Joshua Abraham Norton
San Francisco investor and speculator
Eccentric businessman down on his luck.
Norton was born in England in 1818 and immigrated with him family to South Africa in May 1820. South African genealogies suggest his parents were John Norton (d.1848) and Sarah Norden. Sarah was a daughter of Abraham Norden and a sister of Benjamin Norden, a successful Jewish merchant.
Norton emigrated from South Africa to San Francisco in 1849 after receiving a bequest of $40,000 from his father’s estate. He enjoyed a good deal of success in the real estate market, and by the early 1850s had accumulated a fortune of $250,000.
Norton thought he saw a business opportunity when China, facing a severe famine, placed a ban on the export of rice, causing the price of rice in San Francisco to skyrocket from four to thirty-six cents per pound. When he heard the Glyde, which was returning from Peru, was carrying 200,000 pounds of rice, he bought the entire shipment for $25,000 (or twelve and a half cents per pound), hoping to corner the market.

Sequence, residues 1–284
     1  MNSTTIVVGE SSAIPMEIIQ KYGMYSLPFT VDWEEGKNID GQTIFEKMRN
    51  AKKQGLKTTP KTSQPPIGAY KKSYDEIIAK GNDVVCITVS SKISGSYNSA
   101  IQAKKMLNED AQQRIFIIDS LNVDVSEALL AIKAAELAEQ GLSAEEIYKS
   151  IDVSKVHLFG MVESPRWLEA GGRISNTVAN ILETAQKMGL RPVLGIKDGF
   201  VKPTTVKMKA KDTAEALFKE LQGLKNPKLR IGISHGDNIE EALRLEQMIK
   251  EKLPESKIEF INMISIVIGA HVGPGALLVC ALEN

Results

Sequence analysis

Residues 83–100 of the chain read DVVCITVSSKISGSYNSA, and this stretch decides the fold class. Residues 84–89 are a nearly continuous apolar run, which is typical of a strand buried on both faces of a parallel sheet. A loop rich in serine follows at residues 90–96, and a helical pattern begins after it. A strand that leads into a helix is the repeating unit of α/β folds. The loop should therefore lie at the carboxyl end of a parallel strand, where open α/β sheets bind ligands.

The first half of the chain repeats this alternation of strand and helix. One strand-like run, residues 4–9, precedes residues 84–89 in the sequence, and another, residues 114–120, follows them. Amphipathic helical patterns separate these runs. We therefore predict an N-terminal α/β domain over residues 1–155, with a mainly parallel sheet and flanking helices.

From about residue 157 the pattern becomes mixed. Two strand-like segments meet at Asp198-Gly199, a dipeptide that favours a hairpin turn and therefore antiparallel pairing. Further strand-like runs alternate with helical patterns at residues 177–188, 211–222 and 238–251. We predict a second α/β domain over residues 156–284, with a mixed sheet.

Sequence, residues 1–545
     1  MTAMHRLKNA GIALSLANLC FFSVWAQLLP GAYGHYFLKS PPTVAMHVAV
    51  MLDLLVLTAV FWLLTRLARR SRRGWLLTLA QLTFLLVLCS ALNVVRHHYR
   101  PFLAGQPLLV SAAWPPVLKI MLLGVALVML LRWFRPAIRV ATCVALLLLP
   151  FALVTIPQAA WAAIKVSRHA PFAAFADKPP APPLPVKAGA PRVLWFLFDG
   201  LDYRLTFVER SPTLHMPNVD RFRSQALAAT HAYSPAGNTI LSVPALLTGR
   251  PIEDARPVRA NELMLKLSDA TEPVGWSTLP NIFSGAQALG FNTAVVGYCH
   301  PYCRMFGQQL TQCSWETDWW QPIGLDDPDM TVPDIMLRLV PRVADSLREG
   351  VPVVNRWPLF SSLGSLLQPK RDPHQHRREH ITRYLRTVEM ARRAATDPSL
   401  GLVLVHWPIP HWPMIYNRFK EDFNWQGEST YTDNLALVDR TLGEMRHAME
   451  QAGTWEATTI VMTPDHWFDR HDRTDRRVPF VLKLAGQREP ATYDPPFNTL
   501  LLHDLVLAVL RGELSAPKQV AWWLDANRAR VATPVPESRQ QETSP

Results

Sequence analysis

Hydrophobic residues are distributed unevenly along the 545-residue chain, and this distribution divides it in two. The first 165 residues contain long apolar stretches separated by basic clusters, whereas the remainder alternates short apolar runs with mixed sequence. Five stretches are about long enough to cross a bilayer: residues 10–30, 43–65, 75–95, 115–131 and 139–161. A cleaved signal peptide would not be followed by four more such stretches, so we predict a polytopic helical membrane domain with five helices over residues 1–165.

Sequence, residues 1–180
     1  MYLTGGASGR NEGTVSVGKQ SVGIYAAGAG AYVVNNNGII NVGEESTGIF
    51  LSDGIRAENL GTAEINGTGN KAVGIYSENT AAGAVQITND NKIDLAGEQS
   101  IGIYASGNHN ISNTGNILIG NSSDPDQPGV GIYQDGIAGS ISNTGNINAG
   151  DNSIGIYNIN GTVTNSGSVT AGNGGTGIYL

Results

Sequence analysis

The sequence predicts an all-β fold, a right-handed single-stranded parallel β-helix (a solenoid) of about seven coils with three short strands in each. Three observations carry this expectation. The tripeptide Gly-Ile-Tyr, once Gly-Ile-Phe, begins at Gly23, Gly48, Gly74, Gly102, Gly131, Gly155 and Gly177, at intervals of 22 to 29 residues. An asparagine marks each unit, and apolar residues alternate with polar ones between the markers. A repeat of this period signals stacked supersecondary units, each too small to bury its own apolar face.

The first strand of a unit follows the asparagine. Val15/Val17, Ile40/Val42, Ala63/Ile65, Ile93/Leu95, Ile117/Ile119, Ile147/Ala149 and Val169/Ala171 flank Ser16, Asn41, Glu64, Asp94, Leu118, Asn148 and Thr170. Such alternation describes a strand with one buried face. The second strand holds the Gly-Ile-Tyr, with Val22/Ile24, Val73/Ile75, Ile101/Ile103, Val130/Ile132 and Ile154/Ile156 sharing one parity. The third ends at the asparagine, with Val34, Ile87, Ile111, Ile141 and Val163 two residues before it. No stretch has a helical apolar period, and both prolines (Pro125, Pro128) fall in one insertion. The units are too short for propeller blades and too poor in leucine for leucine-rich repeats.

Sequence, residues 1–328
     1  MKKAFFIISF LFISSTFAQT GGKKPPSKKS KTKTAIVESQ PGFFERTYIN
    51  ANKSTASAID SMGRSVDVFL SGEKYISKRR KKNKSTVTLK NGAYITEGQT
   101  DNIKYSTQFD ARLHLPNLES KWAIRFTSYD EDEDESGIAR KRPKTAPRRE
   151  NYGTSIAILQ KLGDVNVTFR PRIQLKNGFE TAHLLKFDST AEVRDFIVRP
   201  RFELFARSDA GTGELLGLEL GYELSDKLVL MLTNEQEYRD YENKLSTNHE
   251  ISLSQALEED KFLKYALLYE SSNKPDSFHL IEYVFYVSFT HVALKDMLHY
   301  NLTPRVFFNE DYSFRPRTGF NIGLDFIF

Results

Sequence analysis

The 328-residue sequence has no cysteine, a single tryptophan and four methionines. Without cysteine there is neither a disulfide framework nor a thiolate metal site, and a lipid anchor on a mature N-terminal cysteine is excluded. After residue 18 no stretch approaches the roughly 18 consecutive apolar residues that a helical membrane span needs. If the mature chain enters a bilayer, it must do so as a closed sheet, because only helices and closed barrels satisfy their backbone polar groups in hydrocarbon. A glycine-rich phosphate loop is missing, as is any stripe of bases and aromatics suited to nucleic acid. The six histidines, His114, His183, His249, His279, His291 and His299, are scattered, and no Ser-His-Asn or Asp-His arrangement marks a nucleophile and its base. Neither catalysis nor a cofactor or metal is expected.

Shortly after he signed the contract, several other shiploads of rice arrived from Peru, causing the price of rice to plummet to three cents a pound. Norton tried to void the contract, stating the dealer had misled him as to the quality of rice to expect. From 1853 to 1857 Norton and the rice dealers were involved in a protracted litigation. Although Norton prevailed in the lower courts, the case reached the Supreme Court of California, which ruled against Norton.
Lucas Turner and Company Bank recently foreclosed on his real estate holdings in North Beach to pay his debts.